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When will UK property prices return to 2007 prices: 10, 20 or 30 years from now?

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  • When will UK property prices return to 2007 prices: 10, 20 or 30 years from now?

    All of the profit from UK residential property was made in the 10 years to 2007. 6 years on the land registry sold prices are nowhere near the 2007 peak and 10 years from now they still won't be at the 2007 level because the current interest rate bubble that is sustaining the current 20% over valuation of UK residential property wont be sustainable beyond the medium term. Eventually interest rates will be 6 % higher than they are today and house prices will be back on their long term track of 3 x 25000 average salary, i.e. £75000 for a 3 bed semi in in the West Midlands. Currently they are being advertised at £150000 so they are double their long term correct price.

    How many years will it be before the average salary doubles to £50000 to catch up with overpriced 3 bed semis in the West Midlands? It will probably be more than 10 years from now.

    It doesn't matter whether the purchaser is buy to let or first time buyer there is no more money to be made in UK residential property, except, maybe, in London.

    I bought a 3 bed semi for £20000 in 1985. I sold it in 2001 for £67000 and purchased a 5 bed detached for £250000 which I sold for 315000 in 2008. I was offered £360000 for it in 2006 which I sadly refused.

    As I had repeatedly re-mortgaged during the 10 year boom I had sadly fell off the property ladder in 2008 with no deposit to get on it again.

    I refuse to pay more than £75000 for a 3 bed semi so I relocated to Thailand where I bought a nice 75 sq metre 2 bed apartment for £50000 with 2 years interest free credit from the developer.

    My maintenance fee is £30 a month and I pay £30 a month for electric and £20 a month for the broadband and that's it. My total cost of living is £80 a month and I can sell my apartment if I want to.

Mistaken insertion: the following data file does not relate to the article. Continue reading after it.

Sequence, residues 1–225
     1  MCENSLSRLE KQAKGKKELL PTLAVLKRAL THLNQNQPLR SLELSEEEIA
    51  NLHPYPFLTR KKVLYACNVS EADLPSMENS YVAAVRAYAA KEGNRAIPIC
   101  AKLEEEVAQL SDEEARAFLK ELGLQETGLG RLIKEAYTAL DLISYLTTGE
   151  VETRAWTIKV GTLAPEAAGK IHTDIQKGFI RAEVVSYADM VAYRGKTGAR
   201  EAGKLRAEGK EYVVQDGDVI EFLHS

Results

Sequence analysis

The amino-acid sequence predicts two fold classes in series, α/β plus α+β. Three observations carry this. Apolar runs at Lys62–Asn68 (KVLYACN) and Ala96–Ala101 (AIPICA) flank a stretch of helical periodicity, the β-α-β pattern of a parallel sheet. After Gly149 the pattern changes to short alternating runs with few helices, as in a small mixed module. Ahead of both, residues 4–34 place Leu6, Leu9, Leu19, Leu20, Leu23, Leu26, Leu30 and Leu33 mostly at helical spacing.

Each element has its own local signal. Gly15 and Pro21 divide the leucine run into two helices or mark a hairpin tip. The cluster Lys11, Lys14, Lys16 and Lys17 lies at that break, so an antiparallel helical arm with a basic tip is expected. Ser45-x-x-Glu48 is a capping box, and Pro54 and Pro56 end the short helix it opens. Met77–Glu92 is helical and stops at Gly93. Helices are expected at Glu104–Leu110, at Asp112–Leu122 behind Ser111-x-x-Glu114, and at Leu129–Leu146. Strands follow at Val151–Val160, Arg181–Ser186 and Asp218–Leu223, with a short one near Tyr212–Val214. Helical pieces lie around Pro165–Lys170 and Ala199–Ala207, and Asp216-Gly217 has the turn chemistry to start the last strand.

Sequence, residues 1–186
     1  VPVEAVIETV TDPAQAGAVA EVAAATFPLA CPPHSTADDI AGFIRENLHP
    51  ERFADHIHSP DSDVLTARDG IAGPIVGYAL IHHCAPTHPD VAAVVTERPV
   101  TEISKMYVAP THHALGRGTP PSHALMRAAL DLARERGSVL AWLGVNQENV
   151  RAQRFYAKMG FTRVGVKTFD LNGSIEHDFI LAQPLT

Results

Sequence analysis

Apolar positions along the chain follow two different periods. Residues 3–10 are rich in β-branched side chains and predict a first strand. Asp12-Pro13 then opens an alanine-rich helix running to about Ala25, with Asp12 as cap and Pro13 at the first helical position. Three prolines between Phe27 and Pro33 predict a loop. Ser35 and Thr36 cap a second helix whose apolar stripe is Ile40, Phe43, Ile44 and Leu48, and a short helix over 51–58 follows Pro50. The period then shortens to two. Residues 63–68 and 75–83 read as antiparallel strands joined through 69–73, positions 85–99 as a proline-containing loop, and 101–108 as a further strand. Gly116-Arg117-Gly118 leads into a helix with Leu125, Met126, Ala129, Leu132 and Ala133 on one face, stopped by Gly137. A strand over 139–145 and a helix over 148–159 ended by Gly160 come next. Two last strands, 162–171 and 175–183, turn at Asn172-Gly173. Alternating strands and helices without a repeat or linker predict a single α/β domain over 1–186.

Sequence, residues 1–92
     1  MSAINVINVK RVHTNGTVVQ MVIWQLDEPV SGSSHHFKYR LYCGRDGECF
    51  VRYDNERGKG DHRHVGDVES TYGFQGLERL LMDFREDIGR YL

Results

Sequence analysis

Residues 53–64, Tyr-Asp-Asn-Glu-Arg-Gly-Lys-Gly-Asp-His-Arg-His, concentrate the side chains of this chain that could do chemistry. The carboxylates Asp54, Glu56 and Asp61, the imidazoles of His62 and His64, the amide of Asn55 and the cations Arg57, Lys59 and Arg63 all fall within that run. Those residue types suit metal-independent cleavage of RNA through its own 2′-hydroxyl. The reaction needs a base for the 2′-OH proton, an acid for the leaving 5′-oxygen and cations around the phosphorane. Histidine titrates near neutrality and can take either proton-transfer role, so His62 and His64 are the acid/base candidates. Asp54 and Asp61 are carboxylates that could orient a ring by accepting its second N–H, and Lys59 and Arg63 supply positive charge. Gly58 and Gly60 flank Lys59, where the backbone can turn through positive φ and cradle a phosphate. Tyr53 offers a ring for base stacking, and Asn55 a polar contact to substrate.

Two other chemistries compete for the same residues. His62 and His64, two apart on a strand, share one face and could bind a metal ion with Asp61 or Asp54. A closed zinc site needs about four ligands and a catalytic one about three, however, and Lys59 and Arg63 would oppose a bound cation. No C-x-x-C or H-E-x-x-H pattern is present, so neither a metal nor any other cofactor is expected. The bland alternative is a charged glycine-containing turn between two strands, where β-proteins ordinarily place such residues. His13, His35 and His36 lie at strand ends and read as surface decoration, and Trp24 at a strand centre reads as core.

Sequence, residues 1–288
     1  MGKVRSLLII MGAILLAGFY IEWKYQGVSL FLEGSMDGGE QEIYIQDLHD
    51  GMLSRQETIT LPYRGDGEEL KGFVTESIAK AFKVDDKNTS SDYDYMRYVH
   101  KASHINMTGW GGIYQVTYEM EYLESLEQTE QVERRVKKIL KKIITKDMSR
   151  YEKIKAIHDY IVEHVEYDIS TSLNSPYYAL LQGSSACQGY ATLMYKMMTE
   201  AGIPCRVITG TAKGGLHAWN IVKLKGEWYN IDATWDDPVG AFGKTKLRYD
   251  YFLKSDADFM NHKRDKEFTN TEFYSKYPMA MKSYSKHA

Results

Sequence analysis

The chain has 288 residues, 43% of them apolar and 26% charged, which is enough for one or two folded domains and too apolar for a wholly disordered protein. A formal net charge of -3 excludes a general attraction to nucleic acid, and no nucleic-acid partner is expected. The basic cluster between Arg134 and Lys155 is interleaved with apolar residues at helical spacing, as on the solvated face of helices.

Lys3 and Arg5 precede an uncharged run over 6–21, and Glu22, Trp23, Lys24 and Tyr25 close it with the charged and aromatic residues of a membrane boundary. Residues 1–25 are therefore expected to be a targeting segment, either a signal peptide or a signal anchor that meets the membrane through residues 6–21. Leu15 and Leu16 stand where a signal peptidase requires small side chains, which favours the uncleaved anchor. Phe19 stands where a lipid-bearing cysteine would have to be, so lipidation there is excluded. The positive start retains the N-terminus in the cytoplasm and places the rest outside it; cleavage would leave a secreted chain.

I hope this puts in perspective how ridiculously over priced the UK housing market is both in terms of house buying and renting.

    Miles Shipside from Rightmove was talking balderdash earlier this week when he suggested UK property prices had recovered to within a "grand and a half" of their 2007 peak. What he didn't tell you was that the prices his customers advertise their properties at bear no relationship to the prices they sell them at and, indeed, only the ones who advertise at a very low price indeed get viewings and only his customers who get viewings actually sell their properties.

    So lets examine what constitutes a very low price, one that is low enough to create a viewing of the property which is a prerequisite for a sale?

    Well based on the experience of selling my mom's property last year if there are 10 similar properties for sale in a particular area and they are all advertised on Rightmove at £399000 none of them will receive a viewing. These sellers will need to compete with each-other in a Dutch auction of repeated down valuations until one of them steels the market in a particular Rightmove price point which will probably be a good 25% below the 9 unsold properties that Mr Shipside asserts are within a grand and a half of their 2007 price.